The purpose of the paper is to identify management and human resource (HR) practices that lead to satisfaction with the performance of an organization's supply chain as well as employee wellbeing, and to develop recommendations for practicing managers.
Adopting an empirical approach, a Delphi expert panel study was first carried out to identify the possible impact of supply chain integration, particularly with regard to human resource management (HRM) policies and practices. Then, using a survey of 228 supply chain professionals, hypotheses linking satisfaction with supply chain performance to non‐traditional HR practices, training, and team organization were tested.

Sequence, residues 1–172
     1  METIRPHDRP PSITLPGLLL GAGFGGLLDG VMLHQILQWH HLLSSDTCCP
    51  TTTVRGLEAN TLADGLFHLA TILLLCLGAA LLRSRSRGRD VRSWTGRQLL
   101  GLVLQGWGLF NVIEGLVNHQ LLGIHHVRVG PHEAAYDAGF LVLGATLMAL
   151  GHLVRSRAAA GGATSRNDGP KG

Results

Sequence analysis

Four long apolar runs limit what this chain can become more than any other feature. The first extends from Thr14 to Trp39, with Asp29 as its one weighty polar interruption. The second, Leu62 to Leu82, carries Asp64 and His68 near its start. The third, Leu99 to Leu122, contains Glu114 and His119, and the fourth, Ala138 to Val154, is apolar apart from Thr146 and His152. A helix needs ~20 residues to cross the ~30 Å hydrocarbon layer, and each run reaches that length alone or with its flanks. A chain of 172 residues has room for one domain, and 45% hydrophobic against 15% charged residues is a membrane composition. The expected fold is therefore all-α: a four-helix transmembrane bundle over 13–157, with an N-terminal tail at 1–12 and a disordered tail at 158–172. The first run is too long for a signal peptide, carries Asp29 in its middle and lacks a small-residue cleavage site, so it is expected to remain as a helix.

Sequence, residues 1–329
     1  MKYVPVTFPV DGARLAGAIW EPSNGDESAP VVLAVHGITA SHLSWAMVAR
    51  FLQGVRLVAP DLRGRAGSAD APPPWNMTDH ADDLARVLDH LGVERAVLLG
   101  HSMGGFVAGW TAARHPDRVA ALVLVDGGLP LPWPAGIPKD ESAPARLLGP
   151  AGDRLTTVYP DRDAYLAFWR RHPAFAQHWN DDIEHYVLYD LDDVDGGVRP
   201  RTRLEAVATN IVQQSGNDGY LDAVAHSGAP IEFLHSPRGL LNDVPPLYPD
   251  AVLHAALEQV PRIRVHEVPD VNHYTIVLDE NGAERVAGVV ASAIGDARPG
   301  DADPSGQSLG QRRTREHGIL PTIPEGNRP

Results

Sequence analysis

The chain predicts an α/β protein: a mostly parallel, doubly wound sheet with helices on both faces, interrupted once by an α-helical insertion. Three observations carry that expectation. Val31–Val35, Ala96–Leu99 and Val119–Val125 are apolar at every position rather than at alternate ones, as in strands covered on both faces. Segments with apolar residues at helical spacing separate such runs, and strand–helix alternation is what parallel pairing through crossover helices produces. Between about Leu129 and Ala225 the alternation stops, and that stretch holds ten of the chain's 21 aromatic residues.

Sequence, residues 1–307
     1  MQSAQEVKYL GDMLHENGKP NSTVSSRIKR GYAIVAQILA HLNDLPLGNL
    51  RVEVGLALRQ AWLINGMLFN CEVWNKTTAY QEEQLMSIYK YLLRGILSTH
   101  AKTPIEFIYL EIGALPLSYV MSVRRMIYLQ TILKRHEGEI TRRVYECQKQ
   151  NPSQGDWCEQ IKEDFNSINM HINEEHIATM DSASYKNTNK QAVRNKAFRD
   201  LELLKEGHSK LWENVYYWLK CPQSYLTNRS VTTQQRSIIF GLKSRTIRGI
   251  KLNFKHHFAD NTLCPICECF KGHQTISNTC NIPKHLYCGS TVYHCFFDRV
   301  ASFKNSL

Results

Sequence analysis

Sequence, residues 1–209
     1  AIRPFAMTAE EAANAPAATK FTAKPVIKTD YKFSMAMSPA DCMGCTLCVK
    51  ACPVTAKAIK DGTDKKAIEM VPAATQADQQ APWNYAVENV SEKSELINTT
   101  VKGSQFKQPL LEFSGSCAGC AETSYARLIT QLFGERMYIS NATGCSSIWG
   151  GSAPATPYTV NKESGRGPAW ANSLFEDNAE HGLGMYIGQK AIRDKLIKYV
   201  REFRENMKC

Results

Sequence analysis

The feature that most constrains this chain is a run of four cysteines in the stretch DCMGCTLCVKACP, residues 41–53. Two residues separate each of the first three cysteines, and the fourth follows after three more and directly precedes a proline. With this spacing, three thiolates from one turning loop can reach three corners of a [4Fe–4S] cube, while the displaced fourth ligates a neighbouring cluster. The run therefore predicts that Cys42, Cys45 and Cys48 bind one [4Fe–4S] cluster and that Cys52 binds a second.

The Delphi study identified specific HR practices, such as flexible job descriptions and teamwork training that would need to accompany successful supply chain integration. Regression results indicate that flexible job descriptions, team organization, teamwork training, and the use of performance metrics to determine rewards, are significantly related to satisfaction with supply chain performance.
The Delphi results are subjective by nature and the cross‐sectional survey design limits inferences of causality.
This paper identifies management and HR practices that lead to satisfaction with supply chain performance, which is particularly relevant to modern industrial organizations where the trend is toward inter‐organizational networks in the form of integrated supply chains. Implications for employee wellbeing are also discussed.
This paper adopts an interdisciplinary approach and links HRM practice with supply chain management; two separate fields with their own research traditions.
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